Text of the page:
The historic Longbridge production facility in Birmingham, England is rolling again. First opened in 1905 by Austin, it was once the largest factory in the world. Since that time it's manufactured cars, airplanes and armaments for both world wars, and its name became synonymous with strikes, poor quality and mismanagement during the 1970s. Now, Nanjing Automotive has begun assembling its version of the MG TF there, despite using mostly Chinese-built components.
The TF, whose name is short for "Just buy a Lotus Elise" began production in 1995 (then known simply as the F) and went through two facelifts before parent company Rover went out of business, shuttering the factory three and a half years ago.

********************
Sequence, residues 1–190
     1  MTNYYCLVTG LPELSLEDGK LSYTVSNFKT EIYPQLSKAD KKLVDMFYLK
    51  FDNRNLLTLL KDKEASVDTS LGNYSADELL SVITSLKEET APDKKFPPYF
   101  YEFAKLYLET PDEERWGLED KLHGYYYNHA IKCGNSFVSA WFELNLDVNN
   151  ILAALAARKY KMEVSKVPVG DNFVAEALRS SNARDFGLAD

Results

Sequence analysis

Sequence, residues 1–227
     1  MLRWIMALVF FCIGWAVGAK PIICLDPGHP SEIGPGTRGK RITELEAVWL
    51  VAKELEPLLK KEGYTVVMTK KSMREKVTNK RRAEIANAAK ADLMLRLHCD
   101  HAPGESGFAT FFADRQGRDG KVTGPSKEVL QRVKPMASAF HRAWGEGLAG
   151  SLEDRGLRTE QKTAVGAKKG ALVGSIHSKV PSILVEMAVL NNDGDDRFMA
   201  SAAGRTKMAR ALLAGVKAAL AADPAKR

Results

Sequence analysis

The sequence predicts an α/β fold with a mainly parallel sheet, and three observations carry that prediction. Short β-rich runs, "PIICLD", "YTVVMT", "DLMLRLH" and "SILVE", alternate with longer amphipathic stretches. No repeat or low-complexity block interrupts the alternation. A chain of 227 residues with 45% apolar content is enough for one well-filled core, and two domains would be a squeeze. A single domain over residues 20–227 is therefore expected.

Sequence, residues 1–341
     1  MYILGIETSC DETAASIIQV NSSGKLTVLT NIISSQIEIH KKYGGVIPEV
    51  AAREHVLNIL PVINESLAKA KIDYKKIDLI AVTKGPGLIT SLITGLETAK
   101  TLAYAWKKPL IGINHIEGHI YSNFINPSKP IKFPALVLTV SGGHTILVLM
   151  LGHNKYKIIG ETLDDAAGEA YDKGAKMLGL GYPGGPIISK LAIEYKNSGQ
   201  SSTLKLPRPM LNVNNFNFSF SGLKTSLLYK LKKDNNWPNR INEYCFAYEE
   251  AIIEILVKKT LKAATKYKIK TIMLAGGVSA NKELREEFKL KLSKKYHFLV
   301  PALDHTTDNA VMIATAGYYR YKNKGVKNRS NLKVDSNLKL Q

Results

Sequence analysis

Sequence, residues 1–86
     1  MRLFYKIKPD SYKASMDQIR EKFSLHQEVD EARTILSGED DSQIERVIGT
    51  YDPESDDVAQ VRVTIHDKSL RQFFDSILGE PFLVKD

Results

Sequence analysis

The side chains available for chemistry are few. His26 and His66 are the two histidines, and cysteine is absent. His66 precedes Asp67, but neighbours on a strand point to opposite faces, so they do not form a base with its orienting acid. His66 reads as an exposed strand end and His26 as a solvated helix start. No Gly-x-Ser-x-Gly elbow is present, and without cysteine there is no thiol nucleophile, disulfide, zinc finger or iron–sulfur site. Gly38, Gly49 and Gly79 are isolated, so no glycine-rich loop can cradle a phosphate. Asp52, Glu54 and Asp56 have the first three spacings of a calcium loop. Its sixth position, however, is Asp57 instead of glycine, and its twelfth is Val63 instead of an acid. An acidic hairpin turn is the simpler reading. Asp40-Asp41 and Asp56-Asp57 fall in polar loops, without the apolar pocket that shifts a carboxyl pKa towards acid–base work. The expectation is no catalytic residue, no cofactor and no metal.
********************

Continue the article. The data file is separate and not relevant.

The TF isn't a terribly good vehicle, using the mid-mounted engine to severely compromise packaging instead of enable sublime handling. There were also numerous quality issues including hydragas suspension (ditched with the switch from F to TF in 2002) that came misadjusted from the factory, meaning many customers wound up with cars that sat unevenly on their wheels. Nevertheless, the vehicle broke sales records for sports cars during its 10-year life. Initial signs point to some of its appeal still being present in the market: 70% of the initial 500-car run have already been sold. [Automotive News]